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Knockout Mouse: A transgenic mouse in which the normal gene is missing or engineered so that is not transcribed or tran PowerPoint Presentation
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Knockout Mouse: A transgenic mouse in which the normal gene is missing or engineered so that is not transcribed or tran - PowerPoint PPT Presentation


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Transgenic Mouse: Generic term for an engineered mouse that has a normal DNA sequence for a gene replaced by an engineered sequence or a sequence from another organism.

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Presentation Transcript
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Transgenic Mouse: Generic term for an engineered mouse that has a normal DNA sequence for a gene replaced by an engineered sequence or a sequence from another organism.

Knockout Mouse: A transgenic mouse in which the normal gene is missing or engineered so that is not transcribed or translated. “Knocks out” that gene.

Knockin Mouse: A transgenic mouse in which the engineered “transgene” is subtly manipulated to: (A) alter the function of the gene (e.g., replace one amino acid with another in a site to determine if that site is essential for the protein’s function); (B) change transcription rate to overproduce or underproduce the gene product; or (C) create a fluorescent gene product to map its distribution in tissue.

Conditional Knockout (Knockin) Mouse: A transgenic mouse in which the transgene is knocked out (or in) in specific tissues, at a specific developmental stage, or in response to an exogenous substance (e.g., an antibiotic).

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Transgenic Organisms

General Outline:

  • Infect blastocyst cells/sperm with viral vector with the gene of interest.
  • Hope that in some cells homologous recombination will insert the DNA section of interest into the target cell’s chromosome.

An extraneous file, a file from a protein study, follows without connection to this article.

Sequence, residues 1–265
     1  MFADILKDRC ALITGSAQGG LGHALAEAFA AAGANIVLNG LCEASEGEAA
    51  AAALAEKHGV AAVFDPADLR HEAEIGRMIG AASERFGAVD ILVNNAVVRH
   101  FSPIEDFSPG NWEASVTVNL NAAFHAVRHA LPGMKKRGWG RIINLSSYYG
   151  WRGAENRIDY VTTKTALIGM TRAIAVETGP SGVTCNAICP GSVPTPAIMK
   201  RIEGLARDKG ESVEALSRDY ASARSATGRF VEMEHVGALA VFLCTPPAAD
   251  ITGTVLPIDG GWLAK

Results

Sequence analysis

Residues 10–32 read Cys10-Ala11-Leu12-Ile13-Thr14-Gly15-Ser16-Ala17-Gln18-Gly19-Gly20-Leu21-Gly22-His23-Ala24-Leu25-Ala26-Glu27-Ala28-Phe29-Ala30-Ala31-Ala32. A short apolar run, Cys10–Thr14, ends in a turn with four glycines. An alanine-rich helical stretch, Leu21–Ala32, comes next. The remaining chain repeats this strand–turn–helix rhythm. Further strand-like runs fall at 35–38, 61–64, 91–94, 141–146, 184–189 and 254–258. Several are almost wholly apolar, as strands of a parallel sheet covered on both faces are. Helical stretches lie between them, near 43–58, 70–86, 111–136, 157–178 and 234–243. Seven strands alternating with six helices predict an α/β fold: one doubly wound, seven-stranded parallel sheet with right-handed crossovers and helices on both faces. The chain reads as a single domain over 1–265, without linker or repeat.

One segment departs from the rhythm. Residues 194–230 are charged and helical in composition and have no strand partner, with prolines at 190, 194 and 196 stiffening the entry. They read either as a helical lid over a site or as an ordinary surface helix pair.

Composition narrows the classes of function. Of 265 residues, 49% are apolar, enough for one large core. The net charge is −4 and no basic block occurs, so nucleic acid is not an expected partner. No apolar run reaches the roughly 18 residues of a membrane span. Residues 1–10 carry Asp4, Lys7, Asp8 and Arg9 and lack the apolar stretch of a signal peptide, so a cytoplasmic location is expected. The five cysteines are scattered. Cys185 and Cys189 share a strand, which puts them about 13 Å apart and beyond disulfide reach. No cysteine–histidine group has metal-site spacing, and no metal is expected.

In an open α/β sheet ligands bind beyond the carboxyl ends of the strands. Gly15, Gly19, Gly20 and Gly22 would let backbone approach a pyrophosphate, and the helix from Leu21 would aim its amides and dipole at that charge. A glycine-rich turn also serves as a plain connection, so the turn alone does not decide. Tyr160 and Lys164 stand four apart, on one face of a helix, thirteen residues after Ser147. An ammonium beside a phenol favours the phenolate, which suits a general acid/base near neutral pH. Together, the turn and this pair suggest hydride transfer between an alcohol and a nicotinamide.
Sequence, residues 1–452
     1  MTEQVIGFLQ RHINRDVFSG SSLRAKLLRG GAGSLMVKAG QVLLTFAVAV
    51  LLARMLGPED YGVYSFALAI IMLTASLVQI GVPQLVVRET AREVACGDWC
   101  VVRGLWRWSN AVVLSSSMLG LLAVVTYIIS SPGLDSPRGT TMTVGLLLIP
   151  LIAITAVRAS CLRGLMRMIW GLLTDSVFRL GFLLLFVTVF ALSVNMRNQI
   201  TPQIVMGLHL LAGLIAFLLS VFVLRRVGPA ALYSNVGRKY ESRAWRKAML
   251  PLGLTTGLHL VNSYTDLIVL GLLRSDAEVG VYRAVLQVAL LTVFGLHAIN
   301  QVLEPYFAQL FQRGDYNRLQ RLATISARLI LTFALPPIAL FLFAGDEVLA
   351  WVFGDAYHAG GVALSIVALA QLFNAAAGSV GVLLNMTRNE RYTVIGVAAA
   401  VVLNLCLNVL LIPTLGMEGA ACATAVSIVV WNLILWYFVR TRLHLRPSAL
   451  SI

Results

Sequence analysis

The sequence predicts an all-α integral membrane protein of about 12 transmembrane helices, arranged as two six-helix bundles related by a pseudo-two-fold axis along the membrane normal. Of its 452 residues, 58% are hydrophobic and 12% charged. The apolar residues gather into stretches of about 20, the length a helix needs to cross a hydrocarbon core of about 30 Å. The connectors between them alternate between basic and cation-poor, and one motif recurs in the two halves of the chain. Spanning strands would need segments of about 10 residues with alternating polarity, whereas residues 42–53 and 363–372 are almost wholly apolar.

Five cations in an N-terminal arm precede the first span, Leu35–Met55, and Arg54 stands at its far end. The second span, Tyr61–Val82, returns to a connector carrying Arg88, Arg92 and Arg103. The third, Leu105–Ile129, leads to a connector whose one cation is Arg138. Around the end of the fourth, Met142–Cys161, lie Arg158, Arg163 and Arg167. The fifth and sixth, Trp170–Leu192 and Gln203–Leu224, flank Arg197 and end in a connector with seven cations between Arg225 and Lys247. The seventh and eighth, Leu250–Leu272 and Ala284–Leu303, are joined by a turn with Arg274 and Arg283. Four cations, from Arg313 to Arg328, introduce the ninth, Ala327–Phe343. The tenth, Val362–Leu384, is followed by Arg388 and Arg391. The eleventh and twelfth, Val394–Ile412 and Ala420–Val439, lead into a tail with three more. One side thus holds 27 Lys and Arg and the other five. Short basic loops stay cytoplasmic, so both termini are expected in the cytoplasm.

• Select chimeric organisms.
  • Breed until the transformed DNA is found in a germ line.
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agctta

cgatc

agctta

cgatc

Gene of Interest

tcgaat

gctag

tcgaat

gctag

Downstream

DNA (unique)to the gene,usually > 1 kb

Upstream

DNA (uniqueto the gene),usually > 1kb

Desired Gene

Antibiotic Resistance Gene

(1) Get the nucleotide sequence of the gene of interest. Including upstreamand downstream nucleotides.

(2) Construct the desired DNA sequence (i.e., the transgene), adding a gene for antibiotic resistance, but keeping the upstream and the downstream nucleotides.

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(3) Micropipette embryonic stem cells from the inner cell mass of ablastocyst (i.e. early mouse embryo) in a strain with a physically recognizablephenotype (e.g., pigmented).

(4) Culture the cells with many copies of the manufactured transgenicDNA complex. Short bursts of an electrical current allow the DNA to passthrough the plasma membrane into the cell (electroporation).

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+ antibiotic

(5) Cells will divide in culture and some of them will incorporate the transgenic DNAstrand into the chromosome (homologous recombination). After a sufficient numberof cell divisions, add the antibiotic. This will preferentially kill those stem cells thathave not incorporated the transgenic strand (black dots), giving a good harvest ofthose that have incorporated the strand (red dots).